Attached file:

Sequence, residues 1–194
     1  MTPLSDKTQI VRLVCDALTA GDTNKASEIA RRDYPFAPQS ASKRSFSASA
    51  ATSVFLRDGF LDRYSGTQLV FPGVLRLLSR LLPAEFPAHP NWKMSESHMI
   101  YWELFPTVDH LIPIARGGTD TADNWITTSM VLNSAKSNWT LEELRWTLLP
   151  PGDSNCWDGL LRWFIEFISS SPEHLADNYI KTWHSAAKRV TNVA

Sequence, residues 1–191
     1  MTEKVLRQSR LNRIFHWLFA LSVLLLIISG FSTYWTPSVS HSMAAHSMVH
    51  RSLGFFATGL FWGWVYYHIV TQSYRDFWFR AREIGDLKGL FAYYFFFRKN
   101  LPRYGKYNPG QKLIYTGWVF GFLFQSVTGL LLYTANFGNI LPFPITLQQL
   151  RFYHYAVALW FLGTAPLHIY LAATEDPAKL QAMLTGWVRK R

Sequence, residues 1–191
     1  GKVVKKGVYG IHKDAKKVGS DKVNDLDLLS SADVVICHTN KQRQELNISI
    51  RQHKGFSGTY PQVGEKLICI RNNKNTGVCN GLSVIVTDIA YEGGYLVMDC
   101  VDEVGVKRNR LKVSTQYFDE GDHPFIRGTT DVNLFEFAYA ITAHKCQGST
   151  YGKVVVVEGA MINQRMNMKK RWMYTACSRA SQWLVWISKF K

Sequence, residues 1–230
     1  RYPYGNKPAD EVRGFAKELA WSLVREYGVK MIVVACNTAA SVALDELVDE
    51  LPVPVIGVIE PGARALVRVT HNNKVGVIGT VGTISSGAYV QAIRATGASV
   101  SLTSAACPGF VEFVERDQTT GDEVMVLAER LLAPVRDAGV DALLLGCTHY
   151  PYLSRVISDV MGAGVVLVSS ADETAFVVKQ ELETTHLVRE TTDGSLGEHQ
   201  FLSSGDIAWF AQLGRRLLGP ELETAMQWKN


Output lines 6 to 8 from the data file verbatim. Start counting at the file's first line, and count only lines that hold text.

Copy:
Sequence, residues 1–191
     1  MTEKVLRQSR LNRIFHWLFA LSVLLLIISG FSTYWTPSVS HSMAAHSMVH
    51  RSLGFFATGL FWGWVYYHIV TQSYRDFWFR AREIGDLKGL FAYYFFFRKN